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Adding contacts to examples

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1 parent 4700935 commit a6f4a180f30c993107760c610c4f677b215d1cfc @amcdnl amcdnl committed May 28, 2013
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151 tutorials/examples/contacts.md
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+@page contacts Contacts
+@parent examples 3
+
+In this article we will walk through installing and the ins-and-outs of Contacts. Contacts is a lightweight application that allows users to add and organize their friends' contact information.
+
+This tutorial describes:
+
+- Installing and running the application
+- The application's structure and organization
+- Dividing the application into modular widgets
+- Tieing the widgets together
+
+@image tutorials/images/contacts_preview.png
+
+Let's get started!
+
+## Setup
+
+The application source is hosted by [GitHub](https://github.com/bitovi/contacts). You can download the application on github using the following commands:
+
+ $ git clone https://github.com/jupiterjs/contacts
+ $ cd contacts
+ $ git submodule update --init
+
+To run the application, open _contacts.html_ with your browser. We will be using [can.fixture fixtures] to simulate the AJAX requests so running it from a server isn’t necessary.
+
+This will run the application in development mode. If you want to build and run the application in production, in the command line run:
+
+ $ ./js contacts/scripts/build.js
+
+then change the script tag in `contacts.html` to be in production mode:
+
+ <script type='text/javascript' src='steal/steal.production.js?contacts'></script>
+
+Additionally, the app can be found on [Github Pages](http://bitovi.github.io/contacts/) if you do not want to set it up.
+
+## Folder Structure
+
+The application resides in the `contacts` folder. Steal, CanJS, and CanUI folders sit perpendicular to this for reuse in other projects. The directory structure should mirror below.
+
+ [top-level]
+ /can
+ /steal
+ /funcunit
+ /contacts
+ /form
+ /scripts
+ /test
+ /models
+ /fixtures
+ /views
+ /less
+ funcunit.html
+ qunit.html
+ contacts.js
+ ...
+ contacts.html
+ stealconfig.js
+
+The contacts folder contains:
+
+- `models` AJAX end-point definitions and helpers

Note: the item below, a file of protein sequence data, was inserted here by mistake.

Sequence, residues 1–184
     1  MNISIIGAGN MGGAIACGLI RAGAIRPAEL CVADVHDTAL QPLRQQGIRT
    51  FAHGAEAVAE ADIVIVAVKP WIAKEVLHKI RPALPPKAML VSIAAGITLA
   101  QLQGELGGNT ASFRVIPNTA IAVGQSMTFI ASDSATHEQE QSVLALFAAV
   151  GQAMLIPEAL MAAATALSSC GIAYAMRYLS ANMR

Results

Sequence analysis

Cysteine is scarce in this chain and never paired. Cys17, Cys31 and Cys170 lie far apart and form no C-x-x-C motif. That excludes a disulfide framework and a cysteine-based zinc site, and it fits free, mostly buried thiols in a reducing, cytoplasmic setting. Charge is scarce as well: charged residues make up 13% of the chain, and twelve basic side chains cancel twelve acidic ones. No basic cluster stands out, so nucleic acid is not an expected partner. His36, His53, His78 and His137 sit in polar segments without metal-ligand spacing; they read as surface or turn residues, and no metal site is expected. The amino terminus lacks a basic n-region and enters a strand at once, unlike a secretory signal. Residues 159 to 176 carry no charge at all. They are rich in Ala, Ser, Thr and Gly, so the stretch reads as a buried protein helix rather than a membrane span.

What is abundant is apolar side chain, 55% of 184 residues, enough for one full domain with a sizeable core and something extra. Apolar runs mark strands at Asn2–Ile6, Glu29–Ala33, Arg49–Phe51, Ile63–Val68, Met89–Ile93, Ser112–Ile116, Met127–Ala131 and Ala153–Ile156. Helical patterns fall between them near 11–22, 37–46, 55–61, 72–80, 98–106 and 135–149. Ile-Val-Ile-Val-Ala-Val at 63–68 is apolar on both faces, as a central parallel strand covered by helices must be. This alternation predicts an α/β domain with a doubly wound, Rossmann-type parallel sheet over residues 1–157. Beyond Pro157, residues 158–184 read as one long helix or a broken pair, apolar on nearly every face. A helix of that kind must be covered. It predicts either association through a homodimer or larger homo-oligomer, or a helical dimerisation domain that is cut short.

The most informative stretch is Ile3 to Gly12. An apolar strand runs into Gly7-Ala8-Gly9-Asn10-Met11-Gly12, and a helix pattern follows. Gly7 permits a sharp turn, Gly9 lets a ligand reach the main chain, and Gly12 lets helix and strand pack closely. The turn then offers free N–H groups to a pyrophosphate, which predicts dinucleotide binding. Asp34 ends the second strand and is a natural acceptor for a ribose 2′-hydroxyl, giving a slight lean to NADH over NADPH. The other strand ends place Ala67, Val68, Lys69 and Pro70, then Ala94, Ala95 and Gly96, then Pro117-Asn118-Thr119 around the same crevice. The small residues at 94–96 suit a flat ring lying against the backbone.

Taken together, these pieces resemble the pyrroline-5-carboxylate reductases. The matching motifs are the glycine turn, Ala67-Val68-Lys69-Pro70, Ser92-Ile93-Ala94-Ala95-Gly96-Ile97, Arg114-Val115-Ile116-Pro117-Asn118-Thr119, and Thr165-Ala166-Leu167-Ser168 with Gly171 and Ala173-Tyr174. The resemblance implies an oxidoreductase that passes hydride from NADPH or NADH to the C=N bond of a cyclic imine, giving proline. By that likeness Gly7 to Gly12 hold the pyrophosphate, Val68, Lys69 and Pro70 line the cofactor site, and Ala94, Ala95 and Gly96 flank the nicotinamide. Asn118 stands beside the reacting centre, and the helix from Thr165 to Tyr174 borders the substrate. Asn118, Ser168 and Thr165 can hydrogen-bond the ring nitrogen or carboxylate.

+- `views` EJS/Mustache can.view templates
+- `fixtures` simulated AJAX response
+- `less` LESS stylesheet such as [Boostrap](http://twitter.github.io/bootstrap/) 3.0 and `contacts.less`
+- `contacts/form` child components of contacts
+
+Along with runners and scripts for building and tests.
+
+## Division of Modules
+
+The secret to building large applications is NEVER build large applications. Understanding how to divide and isolate modules in the application is the first step towards maintainable architecture.
+
+The goal for dividing your application should be to create modules that are isolated.
+
+Isolated modules are:
+
+- Limited to one specific purpose, for example showing a list of data
+- Rarely reference other modules and never their parents
+- Have a simple generic API making them easy to swap out
+
+Isolated modules are easily testable because they have a small, well defined scope. Each piece can be worked on in parallel because the code is divided. Reuse is easier because the modules are not coupled to each other.
+
+### Dividing Contacts
+
+The contacts app has 3 lists that filter the grid of contacts. You can create additional categories and contacts by clicking the 'new' icon.
+
+This application can be divided up into a few widgets:
+
+* List - accepts a generic data source and layout, renders and updates the list.
+* Grid - accepts a generic data source, renders a grid.
+* Form - create a new instance from a data source.
+
+Heres a visual representation of how this app is broken up into modules.
+
+@image tutorials/images/contacts_design.png
+
+## Tieing it all together
+
+`contacts/contacts.js` will be where the application starts: loading each module, initializing them, and gluing them together.
+
+In the `init` method, we initalize all the base objects and inject the base view.
+
+ init: function(){
+ // initalize the lists and objects
+ this.categoryList = new Models.Category.List;
+ this.locationList = new Models.Location.List;
+ this.companyList = new Models.Company.List;
+ this.contactsList = new Models.Contact.List;
+ this.edited = new Observe;
+ this.total = can.compute(0);
+ this.isLoading = can.compute(function(loading){
+ loading ? loadingCounter++ : loadingCounter--;
+ return loading > 0;
+ });
+
+ // Draw the view, setup helpers and partials
+ this.element.html(initView({ ... });
+
+ // Initalize each Form category
+ can.each(['location', 'category', 'company', 'contact'], function(formType){
+ new Form(this.element.find('#' + formType), {
+ edited : this.edited,
+ model : Models[can.capitalize(formType)],
+ list : this[formType + 'List']
+ });
+ }.bind(this));
+
+ this.setupScroll();
+ this.loadFilters();
+ this.loadContacts();
+ }
+
+From this point on, the application uses live-binding to update the lists/views based on the filter/offset.
+
+ {{#contacts}}
+ {{>contact}}
+ {{/contacts}}
+
+As the `contacts` list changes, the view automatically updates to reflect the new list.
+
+## Wrapup
+
+In this article, we explored:
+
+- Installing and running the application
+- The application's structure and organization
+- Dividing the application into modular widgets
+- Tieing the widgets together
+
+If you're interested in other examples, check out the other application examples.
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